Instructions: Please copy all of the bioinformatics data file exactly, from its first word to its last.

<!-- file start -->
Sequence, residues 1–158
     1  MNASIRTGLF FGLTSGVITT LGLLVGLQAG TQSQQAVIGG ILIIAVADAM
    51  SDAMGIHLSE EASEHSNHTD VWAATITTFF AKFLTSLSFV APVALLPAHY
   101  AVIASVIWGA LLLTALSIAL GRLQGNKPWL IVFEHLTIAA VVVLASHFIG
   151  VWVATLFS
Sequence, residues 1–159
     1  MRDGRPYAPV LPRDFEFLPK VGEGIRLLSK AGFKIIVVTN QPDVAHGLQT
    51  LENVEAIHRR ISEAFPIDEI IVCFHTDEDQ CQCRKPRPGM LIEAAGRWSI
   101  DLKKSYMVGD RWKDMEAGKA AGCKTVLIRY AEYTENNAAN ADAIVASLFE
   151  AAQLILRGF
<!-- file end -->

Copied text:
Sequence, residues 1–158
     1  MNASIRTGLF FGLTSGVITT LGLLVGLQAG TQSQQAVIGG ILIIAVADAM
    51  SDAMGIHLSE EASEHSNHTD VWAATITTFF AKFLTSLSFV APVALLPAHY
   101  AVIASVIWGA LLLTALSIAL GRLQGNKPWL IVFEHLTIAA VVVLASHFIG
   151  VWVATLFS
Sequence, residues 1–159
     1  MRDGRPYAPV LPRDFEFLPK VGEGIRLLSK AGFKIIVVTN QPDVAHGLQT
    51  LENVEAIHRR ISEAFPIDEI IVCFHTDEDQ CQCRKPRPGM LIEAAGRWSI
   101  DLKKSYMVGD RWKDMEAGKA AGCKTVLIRY AEYTENNAAN ADAIVASLFE
   151  AAQLILRGF